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Biology (plants and animals)

Source: Google Books: CRC World Dictionary (Regional names)

Gami in South Africa is the name of a plant defined with Bauhinia esculenta in various botanical sources. This page contains potential references in Ayurveda, modern medicine, and other folk traditions or local practices.

Example references for further research on medicinal uses or toxicity (see latin names for full list):

· Mitteilungen der Botanischen Staatssammlung München (1960)
· Travels in the interior of South Africa (1824)
· Kew Bulletin (1976)
· Economic Botany (1987)

If you are looking for specific details regarding Gami, for example extract dosage, chemical composition, pregnancy safety, health benefits, side effects, diet and recipes, have a look at these references.

Biology book cover
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This sections includes definitions from the five kingdoms of living things: Animals, Plants, Fungi, Protists and Monera. It will include both the official binomial nomenclature (scientific names usually in Latin) as well as regional spellings and variants.

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Languages of India and abroad

Pali-English dictionary

Source: BuddhaSasana: Concise Pali-English Dictionary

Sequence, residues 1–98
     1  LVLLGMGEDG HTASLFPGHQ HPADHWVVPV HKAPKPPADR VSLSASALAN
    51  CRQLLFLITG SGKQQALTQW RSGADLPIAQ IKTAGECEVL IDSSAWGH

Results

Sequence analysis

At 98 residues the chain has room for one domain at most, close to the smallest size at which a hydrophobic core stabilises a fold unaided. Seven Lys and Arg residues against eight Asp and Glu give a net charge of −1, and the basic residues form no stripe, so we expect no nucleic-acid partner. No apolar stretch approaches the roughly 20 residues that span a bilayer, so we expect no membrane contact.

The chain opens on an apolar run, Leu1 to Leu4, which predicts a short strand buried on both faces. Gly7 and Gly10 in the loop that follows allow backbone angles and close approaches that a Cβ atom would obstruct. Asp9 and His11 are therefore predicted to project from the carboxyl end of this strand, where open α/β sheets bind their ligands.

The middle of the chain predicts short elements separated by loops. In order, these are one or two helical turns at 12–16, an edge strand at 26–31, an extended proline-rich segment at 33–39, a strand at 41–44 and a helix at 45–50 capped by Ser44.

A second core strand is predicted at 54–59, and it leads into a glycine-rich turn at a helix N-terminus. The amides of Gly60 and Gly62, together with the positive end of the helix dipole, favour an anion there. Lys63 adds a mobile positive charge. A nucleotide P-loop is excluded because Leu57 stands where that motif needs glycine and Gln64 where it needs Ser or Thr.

gāmī : (adj.) (in cpds.), one who goes; leading to.

Pali book cover
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Pali is the language of the Tipiṭaka, which is the sacred canon of Theravāda Buddhism and contains much of the Buddha’s speech. Closeley related to Sanskrit, both languages are used interchangeably between religions.

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Marathi-English dictionary

Source: DDSA: The Molesworth Marathi and English Dictionary

Gāmī (गामी).—a masc (S gāminī a fem) That goes. In comp. as ākāśagāmī, pātālagāmī, pitṛgāmī, mātṛ- gāmī, rājagāmī.

Source: DDSA: The Aryabhusan school dictionary, Marathi-English

Gāmī (गामी).—a m gāminī a f That goes. In comp. ākāśagāmī &c.

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Marathi is an Indo-European language having over 70 million native speakers people in (predominantly) Maharashtra India. Marathi, like many other Indo-Aryan languages, evolved from early forms of Prakrit, which itself is a subset of Sanskrit, one of the most ancient languages of the world.

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Sanskrit dictionary

Source: DDSA: The practical Sanskrit-English dictionary

Gamin (गमिन्).—a. Intending to go; as in ग्रामंगमी (grāmaṃgamī). -m. A passenger.

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Gāmin (गामिन्).—a. [gam-ṇini] (Only at the end of comp.)

1) Going, moving, walking; वैदिशगामी (vaidiśagāmī) M.5; मृगेन्द्रगामी (mṛgendragāmī) R.2.3 having the gait of a lion; कुब्ज° (kubja°) Pañcatantra (Bombay) 2.5; अलस° (alasa°) Amaruśataka 51.

2) Riding; द्विरद° (dvirada°) R.4.4.

3) Going or reaching to, extending or applying to, relating to; ननु सखीगामी दोषः (nanu sakhīgāmī doṣaḥ) Ś.4; द्वितीयगामी न हि शब्द एष नः (dvitīyagāmī na hi śabda eṣa naḥ) R.3.49.

4) Leading or going to, accruing to; चित्रकूटगामी मार्गः (citrakūṭagāmī mārgaḥ); कर्तृगामि क्रियाफलम् (kartṛgāmi kriyāphalam).

5) United with; सदृशभर्तृगामिनी (sadṛśabhartṛgāminī) M.5.

6) Passing over to, devolving on; Ś.6; शेषेषु पितृगामि तत् (śeṣeṣu pitṛgāmi tat) Y.2.145.

Source: Cologne Digital Sanskrit Dictionaries: Shabda-Sagara Sanskrit-English Dictionary

Gamin (गमिन्).—m. (-mī) A passenger. E. gam to go, ini Unadi affix, otherwise with ṇini. affix, gāmin.

Source: Cologne Digital Sanskrit Dictionaries: Benfey Sanskrit-English Dictionary